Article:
On the second floor of the Alcove, above the ornate chandeliers, gleaming cutlery and families celebrating special occasions, a musical ensemble bursts through the doors of a theater. They sing and dance around tables of people eating plates of chicken or fish, making their way up to the stage to perform Alan Menken and Howard Ashman’s classic musical Little Shop of Horrors.
Dinner theater at the Alcove, downtown Mount Vernon’s go-to classy dining spot, is a long-running tradition. Bruce Jacklin, the director of this production of Little Shop of Horrors, has been involved from the beginning, when the Mount Vernon Players performed a series of one-act plays at the Alcove one weekend in 1986. Jacklin has been the artistic director and producer for Alcove Dinner Theater since 2004. The group produces four dinner theater productions each year, ranging from over-the-top theatrical musicals like Little Shop of Horrors to more serious plays like Ernest Thompson’s drama On Golden Pond, scheduled for this upcoming April. Little Shop of Horrors opened on Oct. 25 and will run until Nov. 16.
Little Shop of Horrors follows the exploits of Seymour, played by Ian Fraser Ernsberger, an earnest but disheveled and socially inept florist working in a failing flower shop. Seymour is in love with his co-worker Audrey, played by Kelly Lauth, who is trapped in an abusive relationship with a sadistic dentist named Orin, played by Aaron Moreland.
Seymour’s life turns around when, during a solar eclipse, he discovers a bizarre plant which he dubs “Audrey II.” Audrey II vaguely resembles a watermelon—that is, if that watermelon had fangs, could sing and needed to eat people to survive. The plant’s carnivorous, murderous tendencies reveal themselves as it bribes Seymour with love, fame and fortune in exchange for human flesh. This grisly content made for a fitting Halloween production.
“It’s a show I’ve wanted to direct for a long time and we just thought, for a Halloween show, it’s perfect,” Jacklin said.
The delightful melodies of Menken and Ashman’s Motown-inspired soundtrack buoy the narrative of Seymour as he becomes further entrenched in the plant’s evil plans. Ravae Butler, Alicia Hoffman and AT Sanders take the stage as “the Urchins,” guiding the plot and charming the audience with synchronized choreography and retro harmonies like a sixties girl-group-style Greek Chorus.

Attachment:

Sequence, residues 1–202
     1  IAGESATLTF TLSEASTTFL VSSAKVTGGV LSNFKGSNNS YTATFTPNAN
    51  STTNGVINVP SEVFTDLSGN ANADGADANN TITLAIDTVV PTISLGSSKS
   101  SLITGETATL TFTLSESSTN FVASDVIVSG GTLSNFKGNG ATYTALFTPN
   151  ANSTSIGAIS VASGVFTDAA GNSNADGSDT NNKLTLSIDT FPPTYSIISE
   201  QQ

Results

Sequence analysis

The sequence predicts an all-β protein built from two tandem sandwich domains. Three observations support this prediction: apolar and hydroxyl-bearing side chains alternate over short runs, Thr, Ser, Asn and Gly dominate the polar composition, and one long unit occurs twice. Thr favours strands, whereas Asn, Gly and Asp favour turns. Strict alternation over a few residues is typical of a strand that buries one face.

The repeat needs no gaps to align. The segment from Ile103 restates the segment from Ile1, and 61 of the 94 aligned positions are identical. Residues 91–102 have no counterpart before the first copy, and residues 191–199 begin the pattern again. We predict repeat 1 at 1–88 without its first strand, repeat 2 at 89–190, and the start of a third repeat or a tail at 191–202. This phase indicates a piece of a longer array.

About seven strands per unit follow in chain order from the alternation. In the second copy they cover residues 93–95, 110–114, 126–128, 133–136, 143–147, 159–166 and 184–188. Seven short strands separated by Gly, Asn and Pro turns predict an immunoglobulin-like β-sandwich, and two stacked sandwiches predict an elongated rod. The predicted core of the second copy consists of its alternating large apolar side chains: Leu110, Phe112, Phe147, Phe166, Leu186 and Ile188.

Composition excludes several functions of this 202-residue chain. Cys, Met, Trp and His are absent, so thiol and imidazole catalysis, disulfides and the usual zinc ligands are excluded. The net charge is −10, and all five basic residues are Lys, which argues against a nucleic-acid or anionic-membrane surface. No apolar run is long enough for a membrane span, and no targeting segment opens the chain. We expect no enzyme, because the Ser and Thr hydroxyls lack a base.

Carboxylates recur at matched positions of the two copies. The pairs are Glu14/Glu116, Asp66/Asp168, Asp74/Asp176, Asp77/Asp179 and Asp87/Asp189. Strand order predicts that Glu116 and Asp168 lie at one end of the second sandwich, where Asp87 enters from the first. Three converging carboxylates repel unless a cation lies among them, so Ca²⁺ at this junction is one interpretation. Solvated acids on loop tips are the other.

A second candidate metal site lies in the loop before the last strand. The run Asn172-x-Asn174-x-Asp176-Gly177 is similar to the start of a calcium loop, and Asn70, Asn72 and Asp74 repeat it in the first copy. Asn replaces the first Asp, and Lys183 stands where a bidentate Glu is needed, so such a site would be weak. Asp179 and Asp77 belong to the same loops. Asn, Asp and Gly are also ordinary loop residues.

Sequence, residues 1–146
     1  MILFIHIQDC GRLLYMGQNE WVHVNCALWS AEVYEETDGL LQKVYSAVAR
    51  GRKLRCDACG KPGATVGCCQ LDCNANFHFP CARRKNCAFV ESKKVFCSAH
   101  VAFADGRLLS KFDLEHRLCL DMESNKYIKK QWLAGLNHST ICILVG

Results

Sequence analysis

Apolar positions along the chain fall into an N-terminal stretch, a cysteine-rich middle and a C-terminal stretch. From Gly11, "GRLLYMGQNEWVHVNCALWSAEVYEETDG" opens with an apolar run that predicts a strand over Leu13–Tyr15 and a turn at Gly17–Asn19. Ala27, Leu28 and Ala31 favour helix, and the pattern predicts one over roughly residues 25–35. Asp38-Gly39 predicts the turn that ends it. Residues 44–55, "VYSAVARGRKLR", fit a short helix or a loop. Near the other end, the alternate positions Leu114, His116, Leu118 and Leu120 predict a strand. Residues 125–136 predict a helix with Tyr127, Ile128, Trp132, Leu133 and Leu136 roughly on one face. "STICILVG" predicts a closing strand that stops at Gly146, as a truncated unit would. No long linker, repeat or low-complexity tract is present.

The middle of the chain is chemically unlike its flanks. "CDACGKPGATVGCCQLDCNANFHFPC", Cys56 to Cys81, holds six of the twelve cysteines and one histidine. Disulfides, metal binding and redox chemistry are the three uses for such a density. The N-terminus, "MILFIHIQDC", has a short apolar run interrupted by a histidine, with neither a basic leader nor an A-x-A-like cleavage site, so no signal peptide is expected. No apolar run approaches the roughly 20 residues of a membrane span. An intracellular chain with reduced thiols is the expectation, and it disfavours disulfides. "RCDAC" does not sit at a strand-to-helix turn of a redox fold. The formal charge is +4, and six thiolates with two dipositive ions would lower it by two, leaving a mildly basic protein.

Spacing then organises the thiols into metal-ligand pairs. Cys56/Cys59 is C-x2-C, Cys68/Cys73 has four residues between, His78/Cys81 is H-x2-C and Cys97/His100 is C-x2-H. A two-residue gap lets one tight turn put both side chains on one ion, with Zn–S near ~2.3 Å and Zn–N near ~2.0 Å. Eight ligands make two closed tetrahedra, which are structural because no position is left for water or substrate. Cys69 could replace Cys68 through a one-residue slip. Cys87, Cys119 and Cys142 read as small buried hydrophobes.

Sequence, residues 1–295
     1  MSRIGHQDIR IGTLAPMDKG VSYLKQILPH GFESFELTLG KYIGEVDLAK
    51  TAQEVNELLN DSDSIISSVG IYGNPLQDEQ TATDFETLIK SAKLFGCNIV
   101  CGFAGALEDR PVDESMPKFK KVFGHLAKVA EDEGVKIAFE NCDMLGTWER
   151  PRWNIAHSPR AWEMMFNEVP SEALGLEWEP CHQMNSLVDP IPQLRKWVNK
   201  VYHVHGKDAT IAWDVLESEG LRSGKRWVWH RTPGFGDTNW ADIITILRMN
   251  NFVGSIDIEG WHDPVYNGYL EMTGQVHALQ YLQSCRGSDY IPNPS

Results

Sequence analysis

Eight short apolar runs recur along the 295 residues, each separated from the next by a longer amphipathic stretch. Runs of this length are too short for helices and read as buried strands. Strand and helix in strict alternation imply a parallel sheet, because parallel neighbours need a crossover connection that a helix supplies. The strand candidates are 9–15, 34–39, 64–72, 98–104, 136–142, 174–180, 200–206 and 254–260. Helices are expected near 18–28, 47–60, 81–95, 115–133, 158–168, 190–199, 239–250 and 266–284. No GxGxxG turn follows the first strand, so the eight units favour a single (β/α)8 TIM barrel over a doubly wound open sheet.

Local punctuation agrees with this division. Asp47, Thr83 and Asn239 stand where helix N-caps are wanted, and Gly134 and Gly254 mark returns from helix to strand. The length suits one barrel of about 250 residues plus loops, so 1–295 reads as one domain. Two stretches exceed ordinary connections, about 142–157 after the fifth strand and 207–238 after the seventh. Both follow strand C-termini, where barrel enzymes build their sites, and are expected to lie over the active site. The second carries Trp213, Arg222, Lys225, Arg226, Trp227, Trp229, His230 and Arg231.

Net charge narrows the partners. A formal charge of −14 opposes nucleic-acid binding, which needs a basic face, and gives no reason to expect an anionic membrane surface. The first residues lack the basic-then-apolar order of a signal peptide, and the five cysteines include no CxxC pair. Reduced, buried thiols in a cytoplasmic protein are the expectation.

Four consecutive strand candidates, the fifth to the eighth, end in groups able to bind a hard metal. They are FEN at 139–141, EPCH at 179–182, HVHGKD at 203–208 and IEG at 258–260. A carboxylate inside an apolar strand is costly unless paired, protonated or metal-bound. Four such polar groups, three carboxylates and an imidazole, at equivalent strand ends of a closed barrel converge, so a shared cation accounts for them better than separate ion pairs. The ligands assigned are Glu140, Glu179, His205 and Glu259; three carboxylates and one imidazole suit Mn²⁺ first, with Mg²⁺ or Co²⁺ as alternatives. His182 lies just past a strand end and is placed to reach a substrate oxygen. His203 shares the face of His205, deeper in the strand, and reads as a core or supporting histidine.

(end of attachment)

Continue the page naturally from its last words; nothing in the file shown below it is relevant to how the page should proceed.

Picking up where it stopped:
The Alcove’s production was distinguished by its intimate setting and creative use of space. The stage is small and the backstage even smaller. Actors have to go through a kitchen, dodging waiters with trays of ice cream, to reach a backstage that is only a few square feet.
“Bringing [the play] down to the size that we need to to fit in that intimate space is always the beginning challenge,” Jacklin said. “But we have been doing this for 20-plus years.”
In Jacklin’s time with the Alcove’s modest stage, he has learned to embrace the room that they do have. Costumes and props are carefully organized and stacked to utilize the space the best way possible. In this production, the intimacy between the audience and performers takes a central role. Actors frequently come offstage, performing scenes in front of the stage and entering from the back of the room.
At one point, during the song “Be a Dentist,” sung to savory evil perfection by Moreland, the “Urchins” come offstage, inviting audience members to open their mouths and say “ahh.”
“People love the intimacy of the show, that you are right there close enough to see the actors,” Jacklin said.
For many in Mount Vernon, and even for those that live far away, these dinner theater performances have become a community staple, bringing together neighbors and people who live miles apart. “People sometimes sit with people they don’t even know and they begin dinner conversations,” Jacklin said. “Surprisingly enough, two-thirds of our audience come from out of town.”
Little Shop of Horrors will be bringing the community together for dinner, entertainment and laughter for another two weekends, with their final performance coming on Nov. 16.